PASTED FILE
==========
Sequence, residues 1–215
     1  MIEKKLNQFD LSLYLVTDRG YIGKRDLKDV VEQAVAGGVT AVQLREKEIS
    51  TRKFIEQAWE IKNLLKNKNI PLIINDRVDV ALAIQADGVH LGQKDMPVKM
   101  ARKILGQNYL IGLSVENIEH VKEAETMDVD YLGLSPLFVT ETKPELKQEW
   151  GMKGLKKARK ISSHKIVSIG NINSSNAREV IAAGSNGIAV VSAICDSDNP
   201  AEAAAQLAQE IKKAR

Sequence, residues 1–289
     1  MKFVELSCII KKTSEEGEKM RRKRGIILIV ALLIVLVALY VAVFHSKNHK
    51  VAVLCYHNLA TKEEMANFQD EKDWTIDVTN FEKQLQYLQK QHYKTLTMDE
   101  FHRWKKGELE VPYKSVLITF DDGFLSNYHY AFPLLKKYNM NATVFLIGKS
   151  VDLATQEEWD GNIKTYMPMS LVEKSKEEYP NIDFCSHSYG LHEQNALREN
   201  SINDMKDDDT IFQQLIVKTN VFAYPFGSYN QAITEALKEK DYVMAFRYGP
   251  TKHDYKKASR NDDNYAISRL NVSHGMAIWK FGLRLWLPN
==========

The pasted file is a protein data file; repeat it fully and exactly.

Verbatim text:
Sequence, residues 1–215
     1  MIEKKLNQFD LSLYLVTDRG YIGKRDLKDV VEQAVAGGVT AVQLREKEIS
    51  TRKFIEQAWE IKNLLKNKNI PLIINDRVDV ALAIQADGVH LGQKDMPVKM
   101  ARKILGQNYL IGLSVENIEH VKEAETMDVD YLGLSPLFVT ETKPELKQEW
   151  GMKGLKKARK ISSHKIVSIG NINSSNAREV IAAGSNGIAV VSAICDSDNP
   201  AEAAAQLAQE IKKAR

Sequence, residues 1–289
     1  MKFVELSCII KKTSEEGEKM RRKRGIILIV ALLIVLVALY VAVFHSKNHK
    51  VAVLCYHNLA TKEEMANFQD EKDWTIDVTN FEKQLQYLQK QHYKTLTMDE
   101  FHRWKKGELE VPYKSVLITF DDGFLSNYHY AFPLLKKYNM NATVFLIGKS
   151  VDLATQEEWD GNIKTYMPMS LVEKSKEEYP NIDFCSHSYG LHEQNALREN
   201  SINDMKDDDT IFQQLIVKTN VFAYPFGSYN QAITEALKEK DYVMAFRYGP
   251  TKHDYKKASR NDDNYAISRL NVSHGMAIWK FGLRLWLPN